Fosamax and Dental Work: What You Need To Know

Effects of Fosamax on your dental work.

How does Fosamax affect my dental work?

If you’re older and taking (or about to start taking) medications such as Fosamax, it’s important that you tell your dentist. It could make the difference between a speedy recovery from dental work and one riddled with complications.

What are bisphosphonates?

Bisphosphonates are a class of prescription medications that are used to help treat osteoporosis and other conditions (including bone cancer) that affect the density and strength of your bones. They are prescribed in both oral and IV forms. 

Though the brand name Fosamax is relatively well known among patients, there are a number of drugs in the same class. Here’s a list of some of the most popular ones (Fosamax included), along with their generic names:

  • Fosamax (alendronate)
  • Actonel (risedronate) 
  • Boniva (ibandronate)
  • Zometa (zoledronic acid)
  • Reclast (zoledronic acid)
  • Aredia (pamidronate)

If you’re visiting the dentist to receive preventive care or minor restorative treatment, such as a dental cleaning or filling, these drugs shouldn’t present a problem. But if you’re considering surgery, such as a tooth extraction, a dental implant, or a bone graft, you’ll want to talk to your dentist first. 

Here’s why. 

Bisphosphonates help strengthen your bones and prevent fractures. But they also slow the healing process when bones are damaged. Slight damage to the jawbone is normal and expected during dental surgery. The bone typically heals without any problem.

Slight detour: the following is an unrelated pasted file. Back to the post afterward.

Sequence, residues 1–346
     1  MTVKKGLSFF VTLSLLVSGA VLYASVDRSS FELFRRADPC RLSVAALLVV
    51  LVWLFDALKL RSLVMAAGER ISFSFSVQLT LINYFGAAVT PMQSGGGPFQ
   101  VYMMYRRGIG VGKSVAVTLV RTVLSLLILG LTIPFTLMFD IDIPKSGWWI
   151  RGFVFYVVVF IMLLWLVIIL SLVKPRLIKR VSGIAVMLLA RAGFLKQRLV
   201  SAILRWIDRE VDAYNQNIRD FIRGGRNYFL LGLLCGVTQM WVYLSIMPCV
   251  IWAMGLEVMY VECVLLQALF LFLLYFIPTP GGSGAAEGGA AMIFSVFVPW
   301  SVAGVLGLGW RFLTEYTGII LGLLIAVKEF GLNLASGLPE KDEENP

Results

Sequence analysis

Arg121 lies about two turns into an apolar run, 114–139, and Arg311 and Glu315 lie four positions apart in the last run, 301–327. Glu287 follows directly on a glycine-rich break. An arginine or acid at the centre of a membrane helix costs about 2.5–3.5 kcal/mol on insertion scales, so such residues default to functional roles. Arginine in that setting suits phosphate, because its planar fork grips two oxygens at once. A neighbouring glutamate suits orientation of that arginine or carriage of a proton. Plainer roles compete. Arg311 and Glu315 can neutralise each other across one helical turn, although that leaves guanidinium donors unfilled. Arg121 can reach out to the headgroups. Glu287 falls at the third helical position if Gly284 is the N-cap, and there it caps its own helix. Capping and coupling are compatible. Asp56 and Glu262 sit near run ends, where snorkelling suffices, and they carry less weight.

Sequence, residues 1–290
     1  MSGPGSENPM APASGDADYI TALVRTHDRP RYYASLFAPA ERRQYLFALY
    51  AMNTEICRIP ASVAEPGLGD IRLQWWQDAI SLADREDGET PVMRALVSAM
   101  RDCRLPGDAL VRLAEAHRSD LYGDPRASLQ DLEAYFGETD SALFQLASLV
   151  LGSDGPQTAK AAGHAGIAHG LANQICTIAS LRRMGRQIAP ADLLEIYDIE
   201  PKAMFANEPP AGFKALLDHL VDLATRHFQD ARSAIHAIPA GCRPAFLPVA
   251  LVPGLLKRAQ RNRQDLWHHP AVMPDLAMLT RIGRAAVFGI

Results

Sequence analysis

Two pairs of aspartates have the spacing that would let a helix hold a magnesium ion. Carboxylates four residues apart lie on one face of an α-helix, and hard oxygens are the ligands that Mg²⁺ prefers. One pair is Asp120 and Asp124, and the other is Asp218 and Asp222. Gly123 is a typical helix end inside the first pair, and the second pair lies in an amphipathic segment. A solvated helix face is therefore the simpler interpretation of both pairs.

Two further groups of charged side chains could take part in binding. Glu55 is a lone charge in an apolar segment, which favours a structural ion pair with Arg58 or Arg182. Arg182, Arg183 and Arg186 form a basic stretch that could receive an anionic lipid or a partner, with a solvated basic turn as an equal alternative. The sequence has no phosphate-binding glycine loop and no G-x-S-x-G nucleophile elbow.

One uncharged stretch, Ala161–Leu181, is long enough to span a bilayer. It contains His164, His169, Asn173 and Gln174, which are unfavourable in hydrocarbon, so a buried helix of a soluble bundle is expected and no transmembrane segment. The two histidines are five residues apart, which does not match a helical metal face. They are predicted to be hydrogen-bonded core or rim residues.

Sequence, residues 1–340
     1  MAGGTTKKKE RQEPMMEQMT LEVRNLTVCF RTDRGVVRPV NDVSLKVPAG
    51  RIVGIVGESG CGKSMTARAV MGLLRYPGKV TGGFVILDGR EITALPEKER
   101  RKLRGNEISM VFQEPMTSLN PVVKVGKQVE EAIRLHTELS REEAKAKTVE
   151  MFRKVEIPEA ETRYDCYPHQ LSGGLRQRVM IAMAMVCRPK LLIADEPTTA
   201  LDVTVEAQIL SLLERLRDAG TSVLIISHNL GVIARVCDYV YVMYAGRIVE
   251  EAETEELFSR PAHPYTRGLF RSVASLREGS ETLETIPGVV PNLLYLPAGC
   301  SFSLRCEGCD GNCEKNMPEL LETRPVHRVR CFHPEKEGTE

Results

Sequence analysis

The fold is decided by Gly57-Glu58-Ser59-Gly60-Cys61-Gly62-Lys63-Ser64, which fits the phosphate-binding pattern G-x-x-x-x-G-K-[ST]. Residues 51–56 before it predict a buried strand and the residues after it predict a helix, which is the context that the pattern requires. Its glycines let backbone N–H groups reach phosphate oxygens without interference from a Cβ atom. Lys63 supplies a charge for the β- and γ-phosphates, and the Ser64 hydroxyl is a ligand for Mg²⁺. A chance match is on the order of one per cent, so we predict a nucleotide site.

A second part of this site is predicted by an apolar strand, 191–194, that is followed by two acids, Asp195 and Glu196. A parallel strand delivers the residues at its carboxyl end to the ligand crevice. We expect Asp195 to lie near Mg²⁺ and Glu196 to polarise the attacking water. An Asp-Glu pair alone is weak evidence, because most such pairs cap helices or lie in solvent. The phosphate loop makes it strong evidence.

But if you’re taking bisphosphonates, the healing process may not occur as it should. This raises the possibility for necrotic, or dead, bone to remain. This in turn can lead to wider infection and necrosis of the jawbone. The safest thing to do is talk to your dentist before scheduling any type of surgery involving your mouth. 

How do bisphosphonates work?

Your bones constantly renew themselves. Your body naturally breaks down and resorbs (removes) older bone, allowing new bone to form. As you age, your bone density tends to decrease because your body breaks down bone faster than new bone forms.

Bisphosphonates work by slowing down bone resorption (removal) because they destroy osteoclasts, which are critical to bone healing. So while they help strengthen your bones and prevent future bone fractures, they allow for necrotic bone to stay behind.

As with all medications, bisphosphonates are not without risk and side effects. Most providers limit treatment with oral bisphosphonates to five years (or three years for IV zoledronic acid) to minimize the risks of rare side effects. However, some people may need longer treatment.

What is the main dental-related side effect of bisphosphonates? 

Osteonecrosis of the jaw (ONJ) is the primary dental side effect associated with taking bisphosphonates. ONJ is a rare condition in which a section of the jawbone is either slow to heal or fails to heal. It tends to occur after oral surgery, like an extraction, a dental implant, or a bone graft, that may leave some of your jawbone exposed.